won't be able to inspect the traceback; but it is very tempting. :-)

Twisted also addresses this problem:


Since Deferreds support callback chaining (have I mentioned yet that Future is a sad replacement for Deferred? ;-)), the implementation waits to stringify everything until the end of the first synchronous chain execution:


which means that instrumentation code still has access to the real values until the end of the first synchronous callback chain, and has access to the stringified values (so it does not, for example, have to re-parse anything to get filename/line numbers back out) indefinitely.

-glyph

Guido van Rossum

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May 5, 2013, 4:30:53 PM5/5/13
to Antoine Pitrou, python...@googlegroups.com
That still creates a cycle. The original cycle is Future -> exception
-> traceback -> frame -> Future. Your suggestion makes it Future ->
traceback -> frame -> Future. I guess this rules out that the problem
is that the frame holds on to the exception. But I still don't know
what's in the frame that could be holding on to the Future. (So far I
haven't tried pointing gdb at things -- I'm a bit rusty in that area.
:-( )

Guido van Rossum

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May 6, 2013, 11:38:21 AM5/6/13
to Antoine Pitrou, python...@googlegroups.com
So after a night of poring over the objects freed by gc.collect()
(actually, moved into gc.garbage by setting DEBUG_SAVEALL) and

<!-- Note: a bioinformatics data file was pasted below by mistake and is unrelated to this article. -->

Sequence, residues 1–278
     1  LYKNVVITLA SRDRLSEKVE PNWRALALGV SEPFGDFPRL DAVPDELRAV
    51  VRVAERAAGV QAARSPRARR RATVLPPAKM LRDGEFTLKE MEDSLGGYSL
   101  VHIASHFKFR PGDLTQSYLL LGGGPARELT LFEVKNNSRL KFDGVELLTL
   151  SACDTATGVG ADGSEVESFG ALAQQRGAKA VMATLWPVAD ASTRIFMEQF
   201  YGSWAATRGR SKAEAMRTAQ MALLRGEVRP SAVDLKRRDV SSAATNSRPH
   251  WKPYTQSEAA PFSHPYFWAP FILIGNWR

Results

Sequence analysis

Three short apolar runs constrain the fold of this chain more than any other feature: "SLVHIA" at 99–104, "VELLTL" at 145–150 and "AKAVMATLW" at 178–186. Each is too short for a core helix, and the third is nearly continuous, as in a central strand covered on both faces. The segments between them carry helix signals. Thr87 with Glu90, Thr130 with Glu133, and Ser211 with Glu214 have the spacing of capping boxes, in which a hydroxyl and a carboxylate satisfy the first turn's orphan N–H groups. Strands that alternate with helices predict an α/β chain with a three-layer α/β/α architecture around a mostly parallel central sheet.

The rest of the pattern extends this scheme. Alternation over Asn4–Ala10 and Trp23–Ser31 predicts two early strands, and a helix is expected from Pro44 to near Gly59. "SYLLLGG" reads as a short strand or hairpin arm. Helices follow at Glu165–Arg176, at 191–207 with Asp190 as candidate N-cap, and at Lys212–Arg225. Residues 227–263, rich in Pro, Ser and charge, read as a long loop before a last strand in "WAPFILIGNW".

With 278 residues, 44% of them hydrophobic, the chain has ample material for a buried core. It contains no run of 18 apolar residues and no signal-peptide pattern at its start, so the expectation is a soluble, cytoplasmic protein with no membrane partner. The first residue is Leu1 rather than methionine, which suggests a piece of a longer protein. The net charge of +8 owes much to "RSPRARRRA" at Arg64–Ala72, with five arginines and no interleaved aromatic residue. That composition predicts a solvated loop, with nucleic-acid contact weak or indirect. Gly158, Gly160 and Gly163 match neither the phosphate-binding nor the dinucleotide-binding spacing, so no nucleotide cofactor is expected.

breaking various links by explicitly setting local variables to None
on exit from certain functions, I finally stumbled upon something that
broke the cycle. It involved a closure cell. To be specific, one of
the functions on the stack when the exception happened was
Task._step(), which contains this little bit of code:

result.add_done_callback(
lambda future:
self._event_loop.call_soon_threadsafe(
self._wakeup, future))

Now, this code is never executed in my example, but the presence of
the lambda turns 'self' into a cell variable. Turning the lambda into
a private method on the Task class turns self back into a regular
local, and now setting it (and a few other things) to None at the end
of the call breaks the cycle.

Could it be that the frame has some kind of shadow copy of the cell?
The cell is included in gc.garbage (this is what set me on its trail
in the first place) but its repr() claims it contains None. And yet
the mere inclusion of a lambda referencing self (even inside "if 0:")
keeps the cycle alive. However, frame_dealloc() apparently frees it,
so it's not really a leak. What could this be?

Guido van Rossum

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May 7, 2013, 12:05:51 PM5/7/13
to Antoine Pitrou, python...@googlegroups.com
I figured out what happened here. The presence of the lambda
referencing self causes the first argument to be copied into a cell,
and then setting "self = None" doesn't erase the original argument,
keeping the cycle alive. When the frame is deallocated the original
argument will be freed, so it's not a leak, just an annoyance that
keeps a reference alive longer than needed. I filed
http://bugs.python.org/issue17927 for this -- unfortunately I don't
have a full solution yet because super() references the original first
argument. Join me at that bug if you are interested in seeing how this
plays out.